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A client (who is not in the music business - dentist) wants me to put background music on his website.

Even this is kind of a duplicate of Music on a web page? i would like to assemble a list of actual arguments to use with these kind of clients:

  1. Discretion: While surfing in a quite enviroment (office) you dont want attention drawn to you by making noise

  2. Taste: Someone might dislike the style of the music played

  3. Accessibility: A deaf person is discriminated

  4. Accessibility: Someone might not have a speaker connected

  5. Resources: Additional Data must be downloaded and slows down the site

  6. Distraction: The music might distract from the content

  7. Cost: You have to license the music

  8. Unexpected: Someone might have turned their speaker to maximum.

  9. Incoherence: There is no connection to music on the site.

  10. Force: You might force something on a user that was not expected or maybe wanted.

Are there more reasons?

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closed as not constructive by w3dk, danlefree Apr 30 '13 at 9:17

As it currently stands, this question is not a good fit for our Q&A format. We expect answers to be supported by facts, references, or expertise, but this question will likely solicit debate, arguments, polling, or extended discussion. If you feel that this question can be improved and possibly reopened, visit the help center for guidance.If this question can be reworded to fit the rules in the help center, please edit the question.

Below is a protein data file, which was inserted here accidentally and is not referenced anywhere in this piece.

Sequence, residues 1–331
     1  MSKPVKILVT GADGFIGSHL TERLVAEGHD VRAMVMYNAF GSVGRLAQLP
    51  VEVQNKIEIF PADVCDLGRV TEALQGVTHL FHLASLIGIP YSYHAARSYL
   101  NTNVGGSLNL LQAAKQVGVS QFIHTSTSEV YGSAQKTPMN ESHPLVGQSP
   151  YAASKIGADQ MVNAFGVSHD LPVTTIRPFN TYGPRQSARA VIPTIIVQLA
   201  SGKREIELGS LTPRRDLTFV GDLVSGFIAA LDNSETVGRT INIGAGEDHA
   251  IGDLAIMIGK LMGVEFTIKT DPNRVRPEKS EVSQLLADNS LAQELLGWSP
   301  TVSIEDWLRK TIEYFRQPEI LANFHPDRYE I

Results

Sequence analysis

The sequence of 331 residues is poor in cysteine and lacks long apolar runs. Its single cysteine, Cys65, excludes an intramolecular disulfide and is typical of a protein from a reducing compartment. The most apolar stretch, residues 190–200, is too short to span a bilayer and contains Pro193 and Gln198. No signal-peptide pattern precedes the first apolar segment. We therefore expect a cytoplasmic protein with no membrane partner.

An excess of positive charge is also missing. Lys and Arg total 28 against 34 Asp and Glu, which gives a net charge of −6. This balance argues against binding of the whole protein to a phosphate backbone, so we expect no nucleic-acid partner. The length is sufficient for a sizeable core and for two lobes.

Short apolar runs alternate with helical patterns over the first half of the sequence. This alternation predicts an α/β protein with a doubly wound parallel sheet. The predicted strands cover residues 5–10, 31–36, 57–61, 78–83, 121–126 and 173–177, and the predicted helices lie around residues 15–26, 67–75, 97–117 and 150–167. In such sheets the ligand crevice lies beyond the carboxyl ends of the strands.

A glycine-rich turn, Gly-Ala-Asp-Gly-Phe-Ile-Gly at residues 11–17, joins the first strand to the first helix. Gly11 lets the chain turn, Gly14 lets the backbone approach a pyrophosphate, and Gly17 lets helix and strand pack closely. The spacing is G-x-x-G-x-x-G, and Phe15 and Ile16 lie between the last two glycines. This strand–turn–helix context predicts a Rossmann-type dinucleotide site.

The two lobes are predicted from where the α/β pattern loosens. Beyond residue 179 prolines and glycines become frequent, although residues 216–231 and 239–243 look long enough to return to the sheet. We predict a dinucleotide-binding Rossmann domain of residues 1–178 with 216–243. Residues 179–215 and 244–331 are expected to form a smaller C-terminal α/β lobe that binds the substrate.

This isn't a good fit for the Q&A structure of this site. Please see the FAQ. Having said that, "*&!# annoying" seems to cover most bases. – w3dk Apr 30 '13 at 8:40
Turn up to your meeting with a ghetto blaster playing something annoying. When they ask you to turn it off you have made your point. :) – JamesRyan Apr 30 '13 at 13:47

First result in Google when searching for "why not to put music on a website" returns me this gem from SEOmoz:

How to convince a client their site doesn't need music

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